McQuaid: “UCI will do Tour testing as AFLD has no credibility”
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Tuesday, May 11, 2010

McQuaid: “UCI will do Tour testing as AFLD has no credibility”

by Ben Atkins at 10:38 AM EST   comments
Categories: Pro Cycling, Tour de France, Doping
 

pat mcquaidInternational Cycling Union (UCI) president Pat McQuaid has commented again on the ongoing struggle between the UCI and the French Anti-Doping Agency (AFLD). The dispute dates back to the 2009 Tour de France, where the AFLD and the UCI worked in partnership to collect samples during the race. The French agency was critical of the UCI in a report published in October last year. Among other things, the AFLD accused the UCI of preferential treatment of the Astana team of race winner Alberto Contador and seven-time-winner Lance Armstrong, who finished third.

At the 2008 Tour de France, where AFLD had sole responsibility for collection and testing of samples, there were a number of high-profile positive tests; including some for the then new EPO variant CERA. In 2009, when the UCI was once again in control of collection and testing, there were none.

McQuaid in an interview with AFP, published in French sports paper l’Equipe, outlined exactly why the UCI will not be collaborating with the French agency this July.

“In our eyes, they [AFLD] no longer have any credibility because of the way they behaved with the UCI last year,” he said. “A year ago, I had meetings with the AFLD about the proposed anti-doping program pre-Tour de France. They wanted information to locate the riders who trained in France, which we have done every day. But it was later discovered that despite all the information they had conducted only 13 tests, five of which were unusable due to a breach of confidentiality. Just that was enough in itself to show the lack of seriousness in their approach.

“During the Tour de France,” he continued, “while three of their doctors were working with us, some problems occurred. I spoke directly with the AFLD, and for me it was an end to it. We discovered afterwards that their doctors reported to Paris about little things here and there, which is fine if the actual report was introduced to us and if we could discuss it. Normally, a collaboration works like that, but before giving it to the UCI they gave their report directly to the media. This shows that there was malicious intent to destroy the credibility of the UCI anti-doping programme.”


pat mcquaidSince the AFLD report was published there has been a series of statements released by both agencies, criticising each other, and relations have soured further. “We responded with our own report,” continued McQuaid, “in which we have took apart most of the points they had raised. I said it was impossible to work with a national anti-doping agency that behaved like this, although we have very good collaborations with others in the world.

“This was not the first time; there is a long history with the AFLD,” he said. “Like last year: they wanted information to locate the riders before the Tour, which we gave them. We have no problem with national agencies, including the AFLD, when it does its work within its territory; the clash comes when it wants to do the work of an international federation.”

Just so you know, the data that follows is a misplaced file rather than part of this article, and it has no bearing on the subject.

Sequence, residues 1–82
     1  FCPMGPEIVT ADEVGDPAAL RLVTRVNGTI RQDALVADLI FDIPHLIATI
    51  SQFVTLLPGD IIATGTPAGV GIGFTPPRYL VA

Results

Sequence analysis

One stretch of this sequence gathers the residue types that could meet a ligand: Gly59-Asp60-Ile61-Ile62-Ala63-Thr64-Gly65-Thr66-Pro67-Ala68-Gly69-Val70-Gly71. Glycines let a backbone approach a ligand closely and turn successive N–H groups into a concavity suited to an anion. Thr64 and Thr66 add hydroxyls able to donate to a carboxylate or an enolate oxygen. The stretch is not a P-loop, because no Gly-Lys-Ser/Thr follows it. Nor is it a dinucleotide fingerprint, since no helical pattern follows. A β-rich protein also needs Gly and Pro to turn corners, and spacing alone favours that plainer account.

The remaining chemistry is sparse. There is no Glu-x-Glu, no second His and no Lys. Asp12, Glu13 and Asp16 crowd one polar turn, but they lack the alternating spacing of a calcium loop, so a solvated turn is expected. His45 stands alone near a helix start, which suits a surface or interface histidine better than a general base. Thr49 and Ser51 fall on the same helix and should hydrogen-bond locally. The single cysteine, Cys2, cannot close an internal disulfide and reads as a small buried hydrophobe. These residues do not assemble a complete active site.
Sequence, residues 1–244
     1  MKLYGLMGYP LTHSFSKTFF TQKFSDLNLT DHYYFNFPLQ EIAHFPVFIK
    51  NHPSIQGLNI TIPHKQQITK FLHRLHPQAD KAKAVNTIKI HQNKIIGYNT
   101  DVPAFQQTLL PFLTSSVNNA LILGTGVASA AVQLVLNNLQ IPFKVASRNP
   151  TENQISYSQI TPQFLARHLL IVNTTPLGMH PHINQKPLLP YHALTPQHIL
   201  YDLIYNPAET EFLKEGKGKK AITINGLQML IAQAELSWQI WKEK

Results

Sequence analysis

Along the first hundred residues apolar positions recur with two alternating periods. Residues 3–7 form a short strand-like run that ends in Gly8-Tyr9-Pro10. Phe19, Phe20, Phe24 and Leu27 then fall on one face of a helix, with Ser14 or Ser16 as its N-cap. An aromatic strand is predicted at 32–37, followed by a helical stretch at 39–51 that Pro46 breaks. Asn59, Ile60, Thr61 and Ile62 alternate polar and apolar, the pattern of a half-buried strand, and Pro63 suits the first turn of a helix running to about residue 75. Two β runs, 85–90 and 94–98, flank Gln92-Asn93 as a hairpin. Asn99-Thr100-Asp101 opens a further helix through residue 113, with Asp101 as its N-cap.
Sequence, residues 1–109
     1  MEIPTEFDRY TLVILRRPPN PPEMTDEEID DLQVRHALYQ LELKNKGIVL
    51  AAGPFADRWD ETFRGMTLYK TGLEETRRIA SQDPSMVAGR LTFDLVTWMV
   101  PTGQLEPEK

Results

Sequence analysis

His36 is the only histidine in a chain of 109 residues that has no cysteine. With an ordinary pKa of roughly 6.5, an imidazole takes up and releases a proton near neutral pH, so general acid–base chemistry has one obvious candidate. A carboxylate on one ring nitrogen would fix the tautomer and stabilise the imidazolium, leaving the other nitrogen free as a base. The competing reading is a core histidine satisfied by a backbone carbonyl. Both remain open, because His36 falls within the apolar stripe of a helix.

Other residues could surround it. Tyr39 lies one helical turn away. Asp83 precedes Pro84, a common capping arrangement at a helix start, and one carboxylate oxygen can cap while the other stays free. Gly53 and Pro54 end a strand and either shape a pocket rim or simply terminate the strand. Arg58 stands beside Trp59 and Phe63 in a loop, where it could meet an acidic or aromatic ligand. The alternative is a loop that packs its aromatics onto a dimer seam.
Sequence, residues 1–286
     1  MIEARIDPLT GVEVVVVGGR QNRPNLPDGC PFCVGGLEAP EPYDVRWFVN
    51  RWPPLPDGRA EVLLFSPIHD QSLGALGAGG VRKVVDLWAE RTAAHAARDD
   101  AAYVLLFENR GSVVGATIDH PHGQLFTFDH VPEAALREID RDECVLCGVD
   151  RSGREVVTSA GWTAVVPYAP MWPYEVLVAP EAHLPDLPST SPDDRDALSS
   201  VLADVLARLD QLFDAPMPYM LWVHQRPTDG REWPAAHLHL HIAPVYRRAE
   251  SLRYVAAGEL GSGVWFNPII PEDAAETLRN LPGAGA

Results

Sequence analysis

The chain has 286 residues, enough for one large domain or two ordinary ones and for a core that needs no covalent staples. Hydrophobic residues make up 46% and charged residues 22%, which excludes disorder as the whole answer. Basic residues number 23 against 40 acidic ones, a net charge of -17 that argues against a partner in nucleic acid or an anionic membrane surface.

There have been some criticisms in the media that an end to the collaboration between the UCI, as governing body of cycling, and the AFLD, the national anti-doping agency of the country that hosts the sport’s biggest race.

“I do not agree at all,” responded McQuaid. “Under the rules of WADA [World Anti-Doping Agency – Ed], if you have a positive test on the Tour or any other race, the result reaches the WADA and the UCI. The UCI has no other choice than to treat it like this. If it did not, WADA would ask us what is happening.

“It's the same thing with the biological passport. Our record this year shows: when we have had positive cases, they have been announced and we've been busy. How to be more transparent? We will have a team of independent observers from WADA. WADA is independent of the UCI, and it will check that everything is done correctly every day.”

The have been a number of criticisms of the recently announced list of riders who are under investigation due to abnormalities on their biological passport. In the case of Liquigas-Doimo rider Franco Pellizotti, his proflie showed abnormalities before the 2009 Tour but he was only accused of doping on May 3, almost a year later. It also did not go unnoticed that the names of the suspected riders were released just a few days before the start of the Giro d’Italia, Italy’s biggest race, where Pellizotti was expected to be one of the favourites.

“It's difficult because each case is different,” responded McQuaid. “Each batch of results that experts see is individual. From there, they can ask for a concentration of controls on that rider; they may request more information on the tests. There is also the 30 days to respect (the rider is notified and has one month to respond, Ed). All this takes time.

“But in the case of Pellizotti,” he explained, “he knew for a long time that he was suspected, that we were working on his case and that his blood parameters were abnormal. Two months earlier he received a letter asking him to explain why his parameters were at the limit. The announcement of his case had nothing to do with the fact that the Giro started five days later. In the passport system, I do not see how we can speed things up."

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